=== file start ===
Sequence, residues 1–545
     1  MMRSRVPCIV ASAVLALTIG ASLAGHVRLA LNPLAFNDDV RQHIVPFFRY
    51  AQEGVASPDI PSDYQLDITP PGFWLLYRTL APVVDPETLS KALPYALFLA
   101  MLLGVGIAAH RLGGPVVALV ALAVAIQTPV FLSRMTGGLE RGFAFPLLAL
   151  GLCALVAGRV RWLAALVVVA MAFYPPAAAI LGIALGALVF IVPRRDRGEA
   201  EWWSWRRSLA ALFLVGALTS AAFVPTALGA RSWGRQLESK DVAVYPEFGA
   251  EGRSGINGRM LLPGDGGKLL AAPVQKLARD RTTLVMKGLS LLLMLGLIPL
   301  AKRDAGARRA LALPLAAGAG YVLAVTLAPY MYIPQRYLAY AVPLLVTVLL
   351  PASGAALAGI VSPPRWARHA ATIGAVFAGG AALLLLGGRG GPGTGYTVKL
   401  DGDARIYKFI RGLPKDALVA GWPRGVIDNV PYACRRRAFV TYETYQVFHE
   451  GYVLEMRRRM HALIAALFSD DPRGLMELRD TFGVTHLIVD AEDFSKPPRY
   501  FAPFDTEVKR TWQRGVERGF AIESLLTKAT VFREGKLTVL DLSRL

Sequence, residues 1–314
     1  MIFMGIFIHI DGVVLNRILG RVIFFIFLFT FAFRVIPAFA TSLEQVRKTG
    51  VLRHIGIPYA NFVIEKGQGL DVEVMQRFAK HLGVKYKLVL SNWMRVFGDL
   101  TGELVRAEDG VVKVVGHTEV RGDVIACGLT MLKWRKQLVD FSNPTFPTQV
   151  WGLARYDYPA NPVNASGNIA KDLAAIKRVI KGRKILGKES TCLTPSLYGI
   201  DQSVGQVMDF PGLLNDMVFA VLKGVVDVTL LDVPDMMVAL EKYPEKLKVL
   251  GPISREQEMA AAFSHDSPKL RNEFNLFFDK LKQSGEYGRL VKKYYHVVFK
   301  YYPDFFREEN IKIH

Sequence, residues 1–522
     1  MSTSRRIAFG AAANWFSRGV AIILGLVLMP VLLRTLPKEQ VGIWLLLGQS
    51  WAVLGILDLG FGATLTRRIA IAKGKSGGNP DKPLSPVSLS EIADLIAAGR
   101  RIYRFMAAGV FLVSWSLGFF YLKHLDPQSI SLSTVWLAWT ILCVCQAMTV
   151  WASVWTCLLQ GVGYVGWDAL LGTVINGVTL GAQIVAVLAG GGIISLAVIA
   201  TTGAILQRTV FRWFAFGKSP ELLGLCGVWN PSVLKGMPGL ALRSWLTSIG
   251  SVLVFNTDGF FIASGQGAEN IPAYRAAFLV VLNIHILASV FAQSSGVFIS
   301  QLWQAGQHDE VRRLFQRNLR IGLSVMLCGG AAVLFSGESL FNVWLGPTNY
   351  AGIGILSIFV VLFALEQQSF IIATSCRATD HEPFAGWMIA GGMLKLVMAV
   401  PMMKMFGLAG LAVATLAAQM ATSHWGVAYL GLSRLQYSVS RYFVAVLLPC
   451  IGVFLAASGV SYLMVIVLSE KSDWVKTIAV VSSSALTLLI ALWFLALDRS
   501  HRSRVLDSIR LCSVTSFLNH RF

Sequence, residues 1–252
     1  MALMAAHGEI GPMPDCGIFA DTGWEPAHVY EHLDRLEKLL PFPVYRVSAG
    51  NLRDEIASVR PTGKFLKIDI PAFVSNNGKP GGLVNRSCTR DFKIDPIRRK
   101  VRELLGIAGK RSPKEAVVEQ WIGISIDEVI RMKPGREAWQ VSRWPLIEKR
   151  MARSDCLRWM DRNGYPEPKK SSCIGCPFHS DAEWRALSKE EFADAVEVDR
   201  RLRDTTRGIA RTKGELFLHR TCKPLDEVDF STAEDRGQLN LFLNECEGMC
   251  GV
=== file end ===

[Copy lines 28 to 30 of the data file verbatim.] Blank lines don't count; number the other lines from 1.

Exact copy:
   301  QLWQAGQHDE VRRLFQRNLR IGLSVMLCGG AAVLFSGESL FNVWLGPTNY
   351  AGIGILSIFV VLFALEQQSF IIATSCRATD HEPFAGWMIA GGMLKLVMAV
   401  PMMKMFGLAG LAVATLAAQM ATSHWGVAYL GLSRLQYSVS RYFVAVLLPC